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Is Britain at the forefront of the AV Motoring Revolution?

January 11, 2017 by in category News tagged as with 0 and 1
Home > News > News > Is Britain at the forefront of the AV Motoring Revolution?
driverless cars

Imagine this….

What if I told you, that you will soon be able to get into a car and shout out a destination, then promptly turn your attention to that work due for your boss at 10 AM that you left until the last minute? And, what if I also guaranteed your journey would be safe and required little to no attention – even while your vehicle parks itself?

Sounds decent if you ask me! This dream scenario may just be a reality very soon. At the end of 2016, the Government launched their consultations into insuring driverless vehicles for when they do make it onto British roads and reviewing Road Safety rules to adequately protect the everyday road user.

A fanciful wish or a possible reality?

Before this dream becomes a reality, Britain’s insurance laws will need to be brought up to date to reflect the technological advancement on our roads and the Highway Code developed alongside it, IF the predicted timescales regarding driverless cars are to be believed.

The once dreamt about auto-piloted cars (like those in ‘Meet the Jetsons’ and hit American T.V. show ‘Incorporated’) are expected as early as next year.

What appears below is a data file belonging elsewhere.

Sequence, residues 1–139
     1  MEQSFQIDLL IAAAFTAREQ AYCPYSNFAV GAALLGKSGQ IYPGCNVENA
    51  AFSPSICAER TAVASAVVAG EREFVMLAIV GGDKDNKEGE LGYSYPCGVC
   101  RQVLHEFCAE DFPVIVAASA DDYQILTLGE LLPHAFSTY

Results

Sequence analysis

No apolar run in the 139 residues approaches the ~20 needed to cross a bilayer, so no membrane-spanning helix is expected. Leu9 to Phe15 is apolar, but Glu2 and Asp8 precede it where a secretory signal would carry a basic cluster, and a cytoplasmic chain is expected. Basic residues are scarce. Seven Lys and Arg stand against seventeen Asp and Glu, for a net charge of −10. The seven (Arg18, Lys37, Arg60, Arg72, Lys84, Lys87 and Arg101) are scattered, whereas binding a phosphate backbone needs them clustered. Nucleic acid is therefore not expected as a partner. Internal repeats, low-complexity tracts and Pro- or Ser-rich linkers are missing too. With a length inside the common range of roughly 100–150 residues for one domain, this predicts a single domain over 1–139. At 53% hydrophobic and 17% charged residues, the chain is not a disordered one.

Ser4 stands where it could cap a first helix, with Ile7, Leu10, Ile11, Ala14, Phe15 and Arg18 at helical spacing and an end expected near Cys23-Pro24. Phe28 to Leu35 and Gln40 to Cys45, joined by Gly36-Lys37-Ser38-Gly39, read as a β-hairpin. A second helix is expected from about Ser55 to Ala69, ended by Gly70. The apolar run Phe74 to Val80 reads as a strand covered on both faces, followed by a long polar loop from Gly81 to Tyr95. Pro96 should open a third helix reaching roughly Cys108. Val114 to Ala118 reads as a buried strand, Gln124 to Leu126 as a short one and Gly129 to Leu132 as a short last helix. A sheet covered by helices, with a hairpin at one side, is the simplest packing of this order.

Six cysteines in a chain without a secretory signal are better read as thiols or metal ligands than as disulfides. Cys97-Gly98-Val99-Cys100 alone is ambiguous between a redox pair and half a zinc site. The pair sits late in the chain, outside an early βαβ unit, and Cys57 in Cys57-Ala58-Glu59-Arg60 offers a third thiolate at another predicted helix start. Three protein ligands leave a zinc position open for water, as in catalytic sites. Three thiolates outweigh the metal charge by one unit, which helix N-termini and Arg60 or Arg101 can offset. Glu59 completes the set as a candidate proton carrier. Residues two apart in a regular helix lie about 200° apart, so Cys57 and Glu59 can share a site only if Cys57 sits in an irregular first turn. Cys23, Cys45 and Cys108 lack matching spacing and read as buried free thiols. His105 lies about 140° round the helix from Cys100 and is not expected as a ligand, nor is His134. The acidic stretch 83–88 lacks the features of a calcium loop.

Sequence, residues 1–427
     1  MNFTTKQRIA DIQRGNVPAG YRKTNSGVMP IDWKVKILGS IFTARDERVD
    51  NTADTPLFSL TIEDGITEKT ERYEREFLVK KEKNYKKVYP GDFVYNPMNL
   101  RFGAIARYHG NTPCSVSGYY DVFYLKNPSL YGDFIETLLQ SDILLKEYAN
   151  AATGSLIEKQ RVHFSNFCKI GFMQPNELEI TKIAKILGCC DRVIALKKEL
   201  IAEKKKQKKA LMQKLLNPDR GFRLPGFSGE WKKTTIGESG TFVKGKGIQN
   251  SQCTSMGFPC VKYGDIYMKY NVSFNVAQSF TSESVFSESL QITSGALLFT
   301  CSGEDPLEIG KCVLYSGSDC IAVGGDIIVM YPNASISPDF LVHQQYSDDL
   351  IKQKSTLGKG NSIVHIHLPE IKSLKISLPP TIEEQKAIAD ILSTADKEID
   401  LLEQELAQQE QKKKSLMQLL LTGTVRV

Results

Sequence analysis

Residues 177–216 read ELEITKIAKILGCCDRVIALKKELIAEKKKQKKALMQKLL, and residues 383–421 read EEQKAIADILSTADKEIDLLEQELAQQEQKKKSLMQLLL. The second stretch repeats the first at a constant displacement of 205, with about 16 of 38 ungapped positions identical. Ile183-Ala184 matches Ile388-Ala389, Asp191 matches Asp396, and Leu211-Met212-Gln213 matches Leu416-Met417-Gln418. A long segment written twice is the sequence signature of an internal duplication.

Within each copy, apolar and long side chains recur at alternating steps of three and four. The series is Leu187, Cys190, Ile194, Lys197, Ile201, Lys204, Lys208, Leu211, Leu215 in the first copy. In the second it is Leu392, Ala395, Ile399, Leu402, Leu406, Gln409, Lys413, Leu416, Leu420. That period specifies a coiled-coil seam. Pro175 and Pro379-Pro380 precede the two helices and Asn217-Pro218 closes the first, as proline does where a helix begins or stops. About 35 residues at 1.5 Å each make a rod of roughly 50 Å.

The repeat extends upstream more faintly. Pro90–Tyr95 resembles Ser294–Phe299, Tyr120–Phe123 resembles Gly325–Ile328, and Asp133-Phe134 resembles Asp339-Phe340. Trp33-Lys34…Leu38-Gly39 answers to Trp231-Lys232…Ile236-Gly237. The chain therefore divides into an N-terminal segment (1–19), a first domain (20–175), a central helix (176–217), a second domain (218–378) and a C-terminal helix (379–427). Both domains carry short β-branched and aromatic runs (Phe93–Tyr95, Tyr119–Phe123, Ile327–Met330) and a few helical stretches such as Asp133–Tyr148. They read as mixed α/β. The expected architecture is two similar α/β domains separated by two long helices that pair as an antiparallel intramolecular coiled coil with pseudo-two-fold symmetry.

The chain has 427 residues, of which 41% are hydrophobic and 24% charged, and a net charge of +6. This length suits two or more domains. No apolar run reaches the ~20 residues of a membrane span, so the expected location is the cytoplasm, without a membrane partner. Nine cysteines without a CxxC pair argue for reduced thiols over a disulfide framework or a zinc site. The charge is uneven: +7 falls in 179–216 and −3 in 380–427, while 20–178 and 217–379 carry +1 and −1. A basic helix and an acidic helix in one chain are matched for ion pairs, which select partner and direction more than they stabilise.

hands free driving

We are expecting the first, fully ‘hands-off’ driving vehicles to be on our public roads, with many large Companies already pioneering road tests since mid-2016. Now, the avid tech-geek or gamer will be no stranger to motorway assisting features or remote self-parking, that has already started to creep their way into vehicles on our roads today (by Audi, Volkswagen, Google and BMW to name a few). The Department for Transport has already confirmed the finalised Bill will be expected in early 2017 and has reassured road users that any proposed legislative changes will be ‘minimal’ to allow the industry to flourish and grow. All I’m going to say about that is the sooner the better! Who wouldn’t want stress free drives to work? Who doesn’t want to forget about those pesky three point turns or near scrapes on that narrow country road?

We clearly talk the talk, but can we in Britain walk the walk?

James Dyson once stated ‘Nothing without a hard slog… happens overnight’, and so any consultations should not be a one-off occurrence, as technology is a constantly developing entity too. As such a more fluid, ‘rolling regulatory review’ should be adopted to cope with the pace of the AV industry. To exemplify the pace of these advancements, ABI (Association of British Insurers) have been in talks for months with the Department of Transport regarding legislative reform, as they’re attempting to keep up with manufacturers who are already churning out vehicles with AV features.

However, the question must be asked whether the United Kingdom facilitates advancement in this sector or whether we are effectively sabotaging our journey to motoring technological superstardom ahead of our European counterparts.